There's a lot more to being a journalist than being able to write.

Adam Richards said...

I was someone who initially thought this matter was being blown out of proportion. Cut and paste was not analagous to lying, making up quotes altogether or taking things people say or things seens massively out of context. What he did was very poor journalistic practice and he deserved criticism but it was not akin to, for exam, the worst Daily Mail or Sun columnists.

However, it increasingly appears that incidents, facts, quotes were fabricated altogether. I used to be a fan of his writing but now I don't know what was fact and what was fiction -I often nodded along to his polemical pieces but were these all based on unsourced facts/evidence being created by Hari to justify his opinions? And if so, what evidence is there of any actual talent? At best facts were exaggerated to support his case and at worst fabricated altogether. No matter how much I agree with his point of view, this makes him little better than the Jan Moirs or Richard Littlejohns of this world.

While I understand and share the concerns surrounding how he is treated, his career in the Indie and as a leading liberal journalist should be over for now. He has zero credibility. Everyone deserves a second chance if they are truly contrite. But he should then build up his reputation from his own blog and not be allowed to write for a mainstream paper until and unless he shows that he has the talent to do so when he's writing honestly.

sackcloth and ashes said...

I'm sorry, but I don't accept this at all.

These are not youthful indiscretions on Hari's part. He is a plagiarist, as he has taken material from his sources and from other journalists (as with the Chavez and Thomas pieces) and presented them as his own work.

He has also concocted reports, as per his wildly embellished piece on the CAR, and also by his false claim that he witnessed Carlo Giuliani's death during the Genoa riot of July 2001. He may be a great writer, but he was not supposed to be employed by the Indie for fiction.

The Wikipedia stuff remains to be absolutely proven, but it suggests that he is also quite a spiteful little man. His conduct in the CAR towards the aid workers who helped him is also an issue here.

If he is feeling fragile and abused right now, there is a simple solution, and that is for him to front up and be honest for a change. That way, he'll actually get some respect.

Jack of Kent is right insofar as this problem is bigger than Hari, as it reflects a dramatic decline in the Indie's standards. Simon Kelner had clear indications that there was something fundamentally wrong with Hari's approach to journalism, and yet he continued to back him to the hilt. So too did sympathetic and quite prominent media individuals such as Jenni Murray, Peter Preston, Patrick Cockburn and Polly Toynbee. The basic reaction here seems to have been tribal. Hari is one of us, therefore we will excuse actions on his part that we would have happily condemned if they were done by someone on the right of the political spectrum.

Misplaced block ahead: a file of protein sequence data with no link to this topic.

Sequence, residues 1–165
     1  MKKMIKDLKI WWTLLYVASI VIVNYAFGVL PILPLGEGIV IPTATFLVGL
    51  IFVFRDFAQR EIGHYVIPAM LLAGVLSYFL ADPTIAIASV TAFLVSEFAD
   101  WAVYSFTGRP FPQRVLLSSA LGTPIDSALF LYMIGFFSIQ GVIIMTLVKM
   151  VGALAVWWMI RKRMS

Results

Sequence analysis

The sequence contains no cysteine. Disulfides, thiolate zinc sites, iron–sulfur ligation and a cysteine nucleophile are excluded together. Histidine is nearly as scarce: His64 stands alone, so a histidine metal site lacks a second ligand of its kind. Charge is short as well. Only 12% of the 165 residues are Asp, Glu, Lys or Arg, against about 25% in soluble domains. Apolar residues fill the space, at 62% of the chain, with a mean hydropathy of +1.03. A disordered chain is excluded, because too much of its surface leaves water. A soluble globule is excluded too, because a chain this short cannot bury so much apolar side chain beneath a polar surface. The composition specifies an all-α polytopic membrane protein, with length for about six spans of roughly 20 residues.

The Independent was set up in 1986 as a flagship for good and reliable reportage, and also to challenge the trend in the print media to sacrifice accuracy for ideology. The question now is not so much how much of Hari's output can actually be trusted, but how many other journalists at the paper have followed his example?

Snappy said...

I note with interest that some of the above correspondents have sympathy for Hari and ask us to consider his mental health before criticising him.
As someone with depression, I can say honestly that I have never, and would never, consider passing off someone else's work as my own, nor would I furtively attempt to undermine my critics by indulging in subterfuge and falsehood.
To use mental illness as an excuse for such behaviour is disrespectful to all those other people with mental health issues who do not lie, cheat and steal to retain their well-paid job.

sackcloth and ashes said...

Jack, have you seen this?

This is most bizarre:

http://theorwellprize.co.uk/news/statement-on-council-of-the-orwell-prize-meeting-about-johann-hari/

Mick Turatian said...

A journalist is, inter alia, someone who can take shorthand.

Op-ed, if that's what Hari's writing is, is different and requires no training and only the indulgence of an editor.

Hari is a busted flush as a newspaper man and as a polemicist he should be prepared to take any amount of stick or disappear.